WORLD Chinese in UK find ways to celebrate despite lockdown


Chinese in UK find ways to celebrate despite lockdown

China Daily

08:49, February 17, 2021

Dragon dancers perform at the Chinese New Year parade in London in February 2019. More than 50 groups participated in the procession around the streets of central London. (Photo: Getty Images)

Events on hold

One of the biggest celebrations outside of Asia usually takes place in London and features a parade of dancers, entertainers and floats passing through the streets from Trafalgar Square to Chinatown. The festivities draw thousands of London residents and tourists.

Celebrations include live performances and activities in Trafalgar Square and Chinese cuisine is served in pop-up food stalls.

Manchester, in northwest England, has also become renowned for its annual dragon parade that winds through the city center.

But this year, due to UK government restrictions to control the spread of the virus, many celebrations have been canceled and Chinese and Asian communities are taking a low-key approach to the holiday and staying at home.

Liu said she was planning a traditional celebration with her husband and two sons.

"There are many traditions I follow that have been passed down from generations before me," she said. "For example, it is traditional for us to clean the house in order to start the new year fresh and clean. Children and adults alike have their hair cut to get rid of old ends."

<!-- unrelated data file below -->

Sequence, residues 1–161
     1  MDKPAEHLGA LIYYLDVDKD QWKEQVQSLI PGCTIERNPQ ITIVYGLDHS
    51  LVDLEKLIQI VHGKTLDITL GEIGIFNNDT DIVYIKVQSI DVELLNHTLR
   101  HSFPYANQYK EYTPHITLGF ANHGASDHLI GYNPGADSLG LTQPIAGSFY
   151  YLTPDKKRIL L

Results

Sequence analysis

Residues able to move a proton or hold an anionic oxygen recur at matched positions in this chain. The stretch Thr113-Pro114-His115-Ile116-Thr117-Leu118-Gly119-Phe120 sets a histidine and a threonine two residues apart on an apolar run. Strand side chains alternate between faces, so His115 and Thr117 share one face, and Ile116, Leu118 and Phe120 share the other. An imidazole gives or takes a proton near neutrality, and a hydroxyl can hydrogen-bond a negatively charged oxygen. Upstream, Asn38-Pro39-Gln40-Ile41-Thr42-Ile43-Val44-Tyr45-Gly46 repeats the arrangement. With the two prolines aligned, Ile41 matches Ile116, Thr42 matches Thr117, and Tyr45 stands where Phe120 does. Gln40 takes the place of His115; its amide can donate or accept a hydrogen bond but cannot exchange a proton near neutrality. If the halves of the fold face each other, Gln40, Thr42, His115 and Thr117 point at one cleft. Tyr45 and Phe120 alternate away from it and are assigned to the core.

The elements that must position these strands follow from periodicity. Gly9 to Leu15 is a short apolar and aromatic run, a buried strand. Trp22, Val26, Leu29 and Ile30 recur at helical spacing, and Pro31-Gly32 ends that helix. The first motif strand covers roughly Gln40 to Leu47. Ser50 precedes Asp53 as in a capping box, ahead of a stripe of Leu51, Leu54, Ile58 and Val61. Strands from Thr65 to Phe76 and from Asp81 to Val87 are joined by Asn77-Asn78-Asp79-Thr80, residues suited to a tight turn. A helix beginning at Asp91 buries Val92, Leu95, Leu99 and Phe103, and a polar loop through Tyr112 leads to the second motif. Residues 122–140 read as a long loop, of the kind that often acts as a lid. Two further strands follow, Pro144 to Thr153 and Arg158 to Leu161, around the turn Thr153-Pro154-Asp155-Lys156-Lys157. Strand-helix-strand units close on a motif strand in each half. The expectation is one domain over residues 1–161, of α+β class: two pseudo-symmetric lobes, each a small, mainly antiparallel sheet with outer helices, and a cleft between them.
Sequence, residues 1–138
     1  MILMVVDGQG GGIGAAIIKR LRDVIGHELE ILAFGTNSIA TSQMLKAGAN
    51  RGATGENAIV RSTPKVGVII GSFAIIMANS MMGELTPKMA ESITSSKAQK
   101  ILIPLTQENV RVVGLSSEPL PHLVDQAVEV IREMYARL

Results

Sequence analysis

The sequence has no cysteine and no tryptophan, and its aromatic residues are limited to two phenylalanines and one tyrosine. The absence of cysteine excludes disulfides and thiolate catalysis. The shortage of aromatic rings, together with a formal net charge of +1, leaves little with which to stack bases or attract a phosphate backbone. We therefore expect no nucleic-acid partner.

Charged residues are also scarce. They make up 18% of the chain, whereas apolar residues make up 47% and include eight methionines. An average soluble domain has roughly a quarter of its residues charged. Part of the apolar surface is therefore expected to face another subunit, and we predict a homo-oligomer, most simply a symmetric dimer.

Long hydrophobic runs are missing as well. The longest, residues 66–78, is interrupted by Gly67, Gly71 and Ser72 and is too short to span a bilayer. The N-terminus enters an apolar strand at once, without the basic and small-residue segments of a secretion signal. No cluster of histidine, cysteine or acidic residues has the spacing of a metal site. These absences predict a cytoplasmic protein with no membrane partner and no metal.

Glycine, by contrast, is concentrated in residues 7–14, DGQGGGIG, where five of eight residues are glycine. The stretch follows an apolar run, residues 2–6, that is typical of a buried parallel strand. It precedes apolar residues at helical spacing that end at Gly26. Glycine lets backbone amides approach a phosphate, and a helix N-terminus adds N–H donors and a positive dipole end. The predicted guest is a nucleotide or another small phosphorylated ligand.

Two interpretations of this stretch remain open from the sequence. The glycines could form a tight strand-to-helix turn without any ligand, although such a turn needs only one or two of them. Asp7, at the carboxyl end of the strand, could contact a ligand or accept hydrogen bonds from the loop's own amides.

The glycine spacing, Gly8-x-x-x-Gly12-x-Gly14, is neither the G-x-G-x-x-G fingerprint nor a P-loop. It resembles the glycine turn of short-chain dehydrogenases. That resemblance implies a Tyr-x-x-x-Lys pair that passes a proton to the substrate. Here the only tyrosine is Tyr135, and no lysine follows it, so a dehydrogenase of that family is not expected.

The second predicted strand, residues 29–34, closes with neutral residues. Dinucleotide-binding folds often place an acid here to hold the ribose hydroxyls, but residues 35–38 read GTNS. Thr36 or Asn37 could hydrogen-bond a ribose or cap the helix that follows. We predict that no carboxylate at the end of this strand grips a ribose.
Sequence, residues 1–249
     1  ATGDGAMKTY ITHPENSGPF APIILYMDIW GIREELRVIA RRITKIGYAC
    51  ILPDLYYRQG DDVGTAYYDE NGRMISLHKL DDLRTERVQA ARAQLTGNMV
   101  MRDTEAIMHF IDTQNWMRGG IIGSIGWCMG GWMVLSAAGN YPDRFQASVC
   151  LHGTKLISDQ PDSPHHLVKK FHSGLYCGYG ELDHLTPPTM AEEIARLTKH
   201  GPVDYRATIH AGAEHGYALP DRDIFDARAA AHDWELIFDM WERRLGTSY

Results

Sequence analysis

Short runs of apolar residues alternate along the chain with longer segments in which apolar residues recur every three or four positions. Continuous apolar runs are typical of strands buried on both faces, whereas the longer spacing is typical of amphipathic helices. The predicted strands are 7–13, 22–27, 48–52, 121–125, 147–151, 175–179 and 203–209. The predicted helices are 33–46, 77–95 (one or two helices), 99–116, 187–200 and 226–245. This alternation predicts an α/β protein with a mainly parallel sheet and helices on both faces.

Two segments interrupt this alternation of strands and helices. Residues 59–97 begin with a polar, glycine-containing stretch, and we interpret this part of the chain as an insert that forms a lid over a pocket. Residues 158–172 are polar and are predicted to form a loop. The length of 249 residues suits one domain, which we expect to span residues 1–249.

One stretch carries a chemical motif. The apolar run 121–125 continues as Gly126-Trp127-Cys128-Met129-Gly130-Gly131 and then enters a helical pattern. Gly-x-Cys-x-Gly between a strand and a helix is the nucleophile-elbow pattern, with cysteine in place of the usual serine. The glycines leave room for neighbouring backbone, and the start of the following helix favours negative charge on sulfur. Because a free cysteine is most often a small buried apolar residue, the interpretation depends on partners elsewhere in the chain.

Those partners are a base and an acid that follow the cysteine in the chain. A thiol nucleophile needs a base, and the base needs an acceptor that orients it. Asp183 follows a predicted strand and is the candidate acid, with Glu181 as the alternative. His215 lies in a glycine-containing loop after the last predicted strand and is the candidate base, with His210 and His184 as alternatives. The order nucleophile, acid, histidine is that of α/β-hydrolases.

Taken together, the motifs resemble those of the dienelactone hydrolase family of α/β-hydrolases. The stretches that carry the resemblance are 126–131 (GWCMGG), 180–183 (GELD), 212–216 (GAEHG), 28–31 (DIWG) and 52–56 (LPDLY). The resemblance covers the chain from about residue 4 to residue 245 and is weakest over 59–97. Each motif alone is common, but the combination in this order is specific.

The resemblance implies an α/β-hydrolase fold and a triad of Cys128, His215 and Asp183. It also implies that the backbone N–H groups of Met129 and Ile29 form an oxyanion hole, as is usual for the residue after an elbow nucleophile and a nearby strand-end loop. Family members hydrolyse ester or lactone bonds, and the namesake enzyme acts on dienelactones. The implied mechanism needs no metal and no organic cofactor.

She said they usually celebrate the beginning of Spring Festival with a large family meal at which married people and older members of the family give red packets to younger children and single members of the family.

For others celebrating the Spring Festival, social media and video calls allow them to connect with their families and loved ones, especially those far from home.

People wear masks as they pose for a picture during Chinese New Year celebrations in London's Chinatown last year. (Photo: Agencies)

For Emma Liu, 32, the novel coronavirus pandemic has not only disrupted her life and work, but also made her normal Spring Festival celebrations almost impossible.

With households in the United Kingdom banned from mixing during the COVID-19 national lockdown, which aims to curb the spread of the virus, Liu can only mark the festival, also known as Lunar New Year, with her immediate family.

"Lunar New Year is something I have celebrated for as long as I can remember, it is something that will definitely be missed as it is about celebrating life with loved ones and bringing in good fortune and health," said Liu, who lives in Teesside, northeast England, with her husband Simon Chan, 44, and their two children.

"I will miss being able to sit around a family table chatting and having good quality family time," Liu said.

Spring Festival celebrations in many places across the world are proving difficult this year, as the COVID-19 pandemic restricts gatherings and lockdown restrictions remain in place.

The festive period started on Friday when the Year of the Ox was ushered in and runs until the Lantern Festival, which falls on Feb 26.

In the lead-up to Spring Festival many families clean their homes and put up decorations to bring good luck for the next 12 months.

Festivities normally start on the eve of the holiday when families gather for big traditional meals and red packets containing lucky money are given to children. The packets can also be given to children on the other days of the festival when people visit each other.

At least 430,000 ethnic Chinese live in the United Kingdom and as that diaspora has grown over the years, so have Lunar New Year festivities.

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